Thomas Sampson

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Command Line Aliases/Macros


Entering long winded commands with many parameters, paths and redirection in the shell/terminal can be time consuming, repetitive and prone to human error. Luckily on both Windows and on Linux you can provide simple abbreviations for long commands.


On Windows the DOSKEY command (provided by default with the operating system) is pretty versatile and can be used to easily configure macros and command abbreviations. DOSKEY is actually resident during all Windows command line sessions and is the underlying system responsible for maintaining the command history (which can be navigate with the updown/pgup/pgdown keys). Below I have listed some example usages of DOSKEY;

# Note: The $G character is a special doskey escape character for the
#       redirect character '>' which allows it to be specified as part of
#       the command without redirecting the doskey command itself.

doskey /history                                       # Show history of all previously run commands
doskey /reinstall                                     # Clear command history
doskey here=explorer .                                # Add 'here' macro to open an explorer window at the current location
doskey desktop=cd "%USERPROFILE%\Desktop"             # Add 'desktop' macro which takes you to the current user's desktop
doskey mp3list=dir %CD%\*.mp3 /S /O:N $G mp3list.txt  # Add 'mp3list' macro to recursively and alphabetically list all .mp3
                                                      # files below the current directory, inside mp3list.txt

Note: Any macros configured using doskey are only active for the active command line session. To create macros which persist between sessions consider placing all macro creation commands in a batch script, you then have two options:

  1. Create a shortcut which opens the command line and runs your batch script immediately (shortcut location = %comspec% /k %path_to_script%)
  2. Use an alternative command line environment such as Console2 which can be configured to automatically run your batch script on start-up.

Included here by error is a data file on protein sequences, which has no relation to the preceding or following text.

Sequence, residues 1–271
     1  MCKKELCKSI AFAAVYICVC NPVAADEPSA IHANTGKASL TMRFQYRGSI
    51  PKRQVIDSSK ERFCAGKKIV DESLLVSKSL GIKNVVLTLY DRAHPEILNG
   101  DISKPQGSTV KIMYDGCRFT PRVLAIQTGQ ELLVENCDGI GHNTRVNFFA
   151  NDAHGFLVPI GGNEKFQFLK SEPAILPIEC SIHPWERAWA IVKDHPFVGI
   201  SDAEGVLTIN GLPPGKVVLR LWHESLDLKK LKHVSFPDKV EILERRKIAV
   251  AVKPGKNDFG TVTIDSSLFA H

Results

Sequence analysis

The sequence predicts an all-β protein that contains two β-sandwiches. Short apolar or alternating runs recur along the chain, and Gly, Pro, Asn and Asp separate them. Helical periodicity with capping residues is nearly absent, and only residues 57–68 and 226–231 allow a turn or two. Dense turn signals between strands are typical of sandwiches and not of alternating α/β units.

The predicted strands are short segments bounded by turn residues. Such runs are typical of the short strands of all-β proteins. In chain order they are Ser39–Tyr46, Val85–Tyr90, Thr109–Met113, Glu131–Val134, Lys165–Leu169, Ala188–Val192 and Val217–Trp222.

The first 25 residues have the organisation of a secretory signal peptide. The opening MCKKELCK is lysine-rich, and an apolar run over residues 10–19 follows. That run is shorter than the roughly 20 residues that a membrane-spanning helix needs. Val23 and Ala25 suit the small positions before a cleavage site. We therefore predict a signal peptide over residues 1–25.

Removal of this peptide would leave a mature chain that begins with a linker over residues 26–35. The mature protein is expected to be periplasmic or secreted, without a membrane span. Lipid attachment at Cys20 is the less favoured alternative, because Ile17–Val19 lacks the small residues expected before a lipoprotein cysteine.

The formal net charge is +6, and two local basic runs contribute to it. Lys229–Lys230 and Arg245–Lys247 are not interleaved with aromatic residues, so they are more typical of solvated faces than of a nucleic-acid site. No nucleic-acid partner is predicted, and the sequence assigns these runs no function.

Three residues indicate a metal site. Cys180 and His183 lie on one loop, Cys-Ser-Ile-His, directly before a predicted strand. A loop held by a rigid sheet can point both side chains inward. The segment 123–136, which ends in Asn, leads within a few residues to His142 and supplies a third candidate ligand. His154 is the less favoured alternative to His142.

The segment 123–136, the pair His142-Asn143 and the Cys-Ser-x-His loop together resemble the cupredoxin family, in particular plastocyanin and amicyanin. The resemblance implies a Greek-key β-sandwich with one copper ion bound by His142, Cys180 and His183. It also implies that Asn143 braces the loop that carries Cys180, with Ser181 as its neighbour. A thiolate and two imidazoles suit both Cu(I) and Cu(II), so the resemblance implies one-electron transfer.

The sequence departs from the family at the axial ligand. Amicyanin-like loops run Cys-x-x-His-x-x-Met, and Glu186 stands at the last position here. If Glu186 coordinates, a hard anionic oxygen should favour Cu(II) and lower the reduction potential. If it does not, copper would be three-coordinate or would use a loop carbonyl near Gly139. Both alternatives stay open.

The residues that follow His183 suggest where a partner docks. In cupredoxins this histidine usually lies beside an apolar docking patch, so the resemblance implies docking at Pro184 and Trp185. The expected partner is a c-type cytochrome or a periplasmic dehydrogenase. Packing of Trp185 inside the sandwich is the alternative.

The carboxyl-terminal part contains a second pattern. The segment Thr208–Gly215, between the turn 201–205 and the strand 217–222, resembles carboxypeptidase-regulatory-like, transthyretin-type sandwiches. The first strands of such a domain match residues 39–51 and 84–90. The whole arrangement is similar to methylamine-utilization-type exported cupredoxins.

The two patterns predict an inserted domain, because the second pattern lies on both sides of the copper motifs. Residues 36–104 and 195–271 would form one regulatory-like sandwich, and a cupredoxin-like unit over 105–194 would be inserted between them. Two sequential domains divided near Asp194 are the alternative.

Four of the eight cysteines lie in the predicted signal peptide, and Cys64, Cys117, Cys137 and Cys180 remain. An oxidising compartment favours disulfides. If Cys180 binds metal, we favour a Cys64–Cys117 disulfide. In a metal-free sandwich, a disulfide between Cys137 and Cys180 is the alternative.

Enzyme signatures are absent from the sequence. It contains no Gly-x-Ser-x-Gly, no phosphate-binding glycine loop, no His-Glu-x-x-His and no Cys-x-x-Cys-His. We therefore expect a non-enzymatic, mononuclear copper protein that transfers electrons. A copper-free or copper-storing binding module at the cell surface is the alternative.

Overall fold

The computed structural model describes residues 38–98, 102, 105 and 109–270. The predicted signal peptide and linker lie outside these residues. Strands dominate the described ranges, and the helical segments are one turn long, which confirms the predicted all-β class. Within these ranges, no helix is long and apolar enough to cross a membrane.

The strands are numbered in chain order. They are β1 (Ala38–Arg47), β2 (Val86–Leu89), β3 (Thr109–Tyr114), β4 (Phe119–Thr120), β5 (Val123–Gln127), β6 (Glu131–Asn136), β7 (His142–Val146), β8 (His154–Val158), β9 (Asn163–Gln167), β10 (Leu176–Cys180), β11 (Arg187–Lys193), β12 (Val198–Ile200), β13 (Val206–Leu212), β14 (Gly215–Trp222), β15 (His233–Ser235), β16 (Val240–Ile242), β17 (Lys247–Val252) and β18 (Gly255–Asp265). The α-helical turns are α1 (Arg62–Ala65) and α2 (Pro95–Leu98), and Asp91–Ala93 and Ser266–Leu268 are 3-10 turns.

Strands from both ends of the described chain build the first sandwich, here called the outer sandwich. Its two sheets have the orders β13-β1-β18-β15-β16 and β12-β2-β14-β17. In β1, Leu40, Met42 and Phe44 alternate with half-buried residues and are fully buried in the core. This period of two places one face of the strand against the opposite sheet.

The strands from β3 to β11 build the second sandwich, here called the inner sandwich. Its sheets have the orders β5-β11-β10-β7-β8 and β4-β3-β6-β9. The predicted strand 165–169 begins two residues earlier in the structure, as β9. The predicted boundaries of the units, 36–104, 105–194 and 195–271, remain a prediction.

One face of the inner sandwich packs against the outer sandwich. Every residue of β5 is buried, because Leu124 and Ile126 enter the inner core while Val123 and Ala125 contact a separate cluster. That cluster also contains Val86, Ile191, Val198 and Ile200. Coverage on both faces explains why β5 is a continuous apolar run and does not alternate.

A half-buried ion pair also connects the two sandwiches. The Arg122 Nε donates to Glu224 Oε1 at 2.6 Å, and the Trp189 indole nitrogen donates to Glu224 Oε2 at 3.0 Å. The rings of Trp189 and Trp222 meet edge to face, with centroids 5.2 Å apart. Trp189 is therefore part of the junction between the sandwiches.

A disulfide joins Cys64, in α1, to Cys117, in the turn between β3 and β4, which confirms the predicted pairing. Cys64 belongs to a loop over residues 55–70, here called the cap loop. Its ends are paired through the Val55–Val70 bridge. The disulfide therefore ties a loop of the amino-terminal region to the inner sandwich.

On Unix-esque systems it’s pretty much the same kind of setup using the alias command. Some example usages are listed below;

# Note: All alias entries are wrapped in single quotes so there is no requirement for special alias
#       escape characters for piping / redirecting streams

alias here='nautilus ${PWD}'                          # Add 'here' macro to open a nautilus window at the current location
type here                                             # Prints the expanded version of the 'here' macro
unalias here                                          # Unregister the 'here' alias
alias blog='firefox'  # Add a 'blog' alias to open your blog in firefox
alias dumpenv='export -p | grep "/" > env.txt'        # Dump all bash environment variables containing a path to 'paths.txt'

Note: As with DOSKEY on Windows, any macros configured using ‘alias’ are only active for the active bash shell session. The easiest way to make aliases persist between bash sessions is to add all of your alias commands to the bashrc shell configuration file located in your home directory (~/.bashrc ). This script is executed whenever you open a bash shell and can be used to automatically register aliases for all bash sessions.


Microsoft DOSKEY Documentation
10 Handy Bash Aliases
Hak5 Linux Temrinal 101 – Create Your Own Commands
30 Handy Bash Shell Aliases For Linux/Unix/MacOSX


Shorthand IF statement in C++

The C++ conditional operator (also known as the ternary operator) provides a succinct way to select a simple operation or assignment value based on a condition, without expressing the selection with the more cumbersome if/else syntax. If the condition is true, the leftmost expression is evaluated, otherwise the rightmost. Example usage can be seen below.

int a(5), b(10);
(a > b)? std::cout << a : std::cout << b; // operation
int c = (a > b)? a : b;                   // assignment
int d = (a > b)? ((a > 10)? 10 : a) : b;  // nested